ZURICH, Nov 17 (Reuters) - Former Swiss National Bank Governor Jean-Pierre Roth has criticised the European Central Bank's monetary easing as excessive and said that only structural reforms could help the euro zone return to robust health.
In an interview aired with Swiss broadcaster SRF on Tuesday, the head of the Swiss National Bank from 2001 to 2009 also defended the current SNB leadership for abandoning in January its cap on the Swiss franc's exchange rate against the euro.
"I think the ECB policy has gone too far," said Roth, who is now chairman of Geneva's cantonal bank, citing the ECB's aggressive policy steps as undermining the urgency for structural change in euro zone member countries.
"The reform appetite is no longer there. One doesn't need more expansive monetary policy in Europe. One needs reform."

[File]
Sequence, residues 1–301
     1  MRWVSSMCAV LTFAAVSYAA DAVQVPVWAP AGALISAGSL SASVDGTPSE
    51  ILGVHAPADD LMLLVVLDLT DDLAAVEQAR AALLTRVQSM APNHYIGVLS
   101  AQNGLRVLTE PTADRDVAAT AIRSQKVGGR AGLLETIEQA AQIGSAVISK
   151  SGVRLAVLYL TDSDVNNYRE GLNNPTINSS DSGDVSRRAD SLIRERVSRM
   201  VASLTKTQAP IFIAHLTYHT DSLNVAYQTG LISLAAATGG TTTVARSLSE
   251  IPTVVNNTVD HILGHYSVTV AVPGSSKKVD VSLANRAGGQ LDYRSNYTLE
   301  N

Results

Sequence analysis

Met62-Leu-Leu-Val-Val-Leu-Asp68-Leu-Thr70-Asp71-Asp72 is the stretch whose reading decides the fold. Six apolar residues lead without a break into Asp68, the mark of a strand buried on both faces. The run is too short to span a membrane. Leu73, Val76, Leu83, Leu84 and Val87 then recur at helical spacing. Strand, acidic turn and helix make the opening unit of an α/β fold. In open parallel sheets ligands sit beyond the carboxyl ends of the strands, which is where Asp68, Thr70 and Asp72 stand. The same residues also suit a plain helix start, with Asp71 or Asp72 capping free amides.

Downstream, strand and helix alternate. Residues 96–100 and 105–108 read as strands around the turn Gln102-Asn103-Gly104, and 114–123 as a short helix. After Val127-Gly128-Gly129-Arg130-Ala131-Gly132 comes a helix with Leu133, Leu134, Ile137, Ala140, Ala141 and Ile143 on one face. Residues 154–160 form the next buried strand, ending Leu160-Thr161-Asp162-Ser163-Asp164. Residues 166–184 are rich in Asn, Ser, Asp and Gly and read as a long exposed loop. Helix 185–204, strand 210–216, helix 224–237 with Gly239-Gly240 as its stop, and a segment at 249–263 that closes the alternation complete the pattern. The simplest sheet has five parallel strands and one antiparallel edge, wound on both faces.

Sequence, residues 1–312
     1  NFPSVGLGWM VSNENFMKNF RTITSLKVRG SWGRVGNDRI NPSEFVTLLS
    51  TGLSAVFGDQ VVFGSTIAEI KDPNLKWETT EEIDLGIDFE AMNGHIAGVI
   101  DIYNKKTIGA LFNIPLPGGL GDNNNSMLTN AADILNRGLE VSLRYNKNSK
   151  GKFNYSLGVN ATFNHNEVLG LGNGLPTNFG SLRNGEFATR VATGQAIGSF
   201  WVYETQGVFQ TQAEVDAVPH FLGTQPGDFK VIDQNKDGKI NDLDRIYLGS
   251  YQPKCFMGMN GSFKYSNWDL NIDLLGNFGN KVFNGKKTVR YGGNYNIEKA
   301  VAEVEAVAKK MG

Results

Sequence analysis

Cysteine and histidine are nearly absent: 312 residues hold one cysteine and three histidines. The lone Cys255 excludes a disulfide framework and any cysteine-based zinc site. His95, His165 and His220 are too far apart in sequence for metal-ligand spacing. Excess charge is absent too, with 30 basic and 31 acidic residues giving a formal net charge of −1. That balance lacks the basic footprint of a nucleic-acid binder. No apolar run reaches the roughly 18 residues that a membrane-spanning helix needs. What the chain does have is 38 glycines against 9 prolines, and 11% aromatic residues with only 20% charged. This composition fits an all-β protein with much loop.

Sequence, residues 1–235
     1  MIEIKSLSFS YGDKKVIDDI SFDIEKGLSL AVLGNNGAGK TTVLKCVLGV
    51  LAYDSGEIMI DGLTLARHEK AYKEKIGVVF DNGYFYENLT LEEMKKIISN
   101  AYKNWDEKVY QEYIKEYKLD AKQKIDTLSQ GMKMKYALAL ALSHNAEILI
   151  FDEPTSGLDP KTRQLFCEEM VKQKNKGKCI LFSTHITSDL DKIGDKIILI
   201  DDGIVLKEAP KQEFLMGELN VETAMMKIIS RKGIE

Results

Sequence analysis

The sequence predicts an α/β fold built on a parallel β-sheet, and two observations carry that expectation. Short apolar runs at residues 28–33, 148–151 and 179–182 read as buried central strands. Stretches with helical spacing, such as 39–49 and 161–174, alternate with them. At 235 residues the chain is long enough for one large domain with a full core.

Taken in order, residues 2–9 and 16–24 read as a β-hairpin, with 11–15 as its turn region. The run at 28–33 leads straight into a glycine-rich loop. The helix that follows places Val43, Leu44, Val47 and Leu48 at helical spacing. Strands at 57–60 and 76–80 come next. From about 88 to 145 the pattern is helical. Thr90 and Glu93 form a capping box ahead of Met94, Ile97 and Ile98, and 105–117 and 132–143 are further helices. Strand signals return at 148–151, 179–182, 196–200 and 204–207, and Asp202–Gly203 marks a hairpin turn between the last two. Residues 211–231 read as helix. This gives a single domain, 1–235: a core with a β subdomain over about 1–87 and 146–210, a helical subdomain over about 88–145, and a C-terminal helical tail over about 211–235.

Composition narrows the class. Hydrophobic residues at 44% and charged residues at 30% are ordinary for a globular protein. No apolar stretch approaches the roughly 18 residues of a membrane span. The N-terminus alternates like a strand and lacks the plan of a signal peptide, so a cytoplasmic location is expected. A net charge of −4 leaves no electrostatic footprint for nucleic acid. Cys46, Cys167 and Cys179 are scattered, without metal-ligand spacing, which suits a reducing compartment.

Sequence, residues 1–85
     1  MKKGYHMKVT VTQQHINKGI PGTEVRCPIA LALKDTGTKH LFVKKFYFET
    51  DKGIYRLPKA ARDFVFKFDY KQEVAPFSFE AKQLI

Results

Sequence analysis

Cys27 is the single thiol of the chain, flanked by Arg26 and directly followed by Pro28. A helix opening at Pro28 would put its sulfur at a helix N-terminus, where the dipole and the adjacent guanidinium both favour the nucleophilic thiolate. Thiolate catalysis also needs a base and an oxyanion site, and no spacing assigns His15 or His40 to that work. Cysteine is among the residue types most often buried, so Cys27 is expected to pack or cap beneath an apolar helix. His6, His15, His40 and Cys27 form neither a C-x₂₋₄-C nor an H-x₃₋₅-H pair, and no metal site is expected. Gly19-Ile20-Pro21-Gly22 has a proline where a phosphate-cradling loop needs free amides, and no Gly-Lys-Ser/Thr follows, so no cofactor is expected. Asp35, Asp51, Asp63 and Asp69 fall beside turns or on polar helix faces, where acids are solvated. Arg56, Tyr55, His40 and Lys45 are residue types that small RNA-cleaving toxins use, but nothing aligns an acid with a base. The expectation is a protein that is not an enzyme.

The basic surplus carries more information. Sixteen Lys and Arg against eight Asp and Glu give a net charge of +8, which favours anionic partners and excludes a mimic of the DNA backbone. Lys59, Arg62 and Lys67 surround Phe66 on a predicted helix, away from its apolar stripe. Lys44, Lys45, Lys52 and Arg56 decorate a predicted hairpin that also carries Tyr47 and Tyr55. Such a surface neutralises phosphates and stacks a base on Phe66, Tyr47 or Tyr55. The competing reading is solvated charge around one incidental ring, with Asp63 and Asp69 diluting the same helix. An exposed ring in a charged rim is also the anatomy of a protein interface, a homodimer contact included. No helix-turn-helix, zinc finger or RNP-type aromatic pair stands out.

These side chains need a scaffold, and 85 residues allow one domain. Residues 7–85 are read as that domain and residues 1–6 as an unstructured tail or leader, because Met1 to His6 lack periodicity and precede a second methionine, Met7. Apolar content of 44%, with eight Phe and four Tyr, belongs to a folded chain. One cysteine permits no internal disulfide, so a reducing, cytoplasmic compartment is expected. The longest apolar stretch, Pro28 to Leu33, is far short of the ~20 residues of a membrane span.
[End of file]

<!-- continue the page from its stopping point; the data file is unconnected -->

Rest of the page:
Keen to boost weak growth and head off falling prices, the ECB launched a 1 trillion euro ($1.07 trillion)programme of asset purchases in March. ECB chief Mario Draghi last week underlined its readiness to extend money printing.
That in turn could put more pressure on the SNB to weaken the franc, which it has repeatedly called overvalued. It has used negative interest rates and willingness to intervene in currency markets as its main tools to rein in the currency.
Structural reforms favoured by some as an alternative to the ECB's current money printing policies include revamping pension systems, health care or labour laws and opening closed sectors to more competition.
Roth said history will show that the Swiss central bank's decision in January to remove the franc cap was "appropriate and correct" despite the hit it caused for exporters and other companies exposed to foreign competition.
"You see that it is painful but we completely underestimate the economy's capacity to adjust," he added. ($1 = 0.9379 euros) (Reporting by Michael Shields; Editing by Catherine Evans)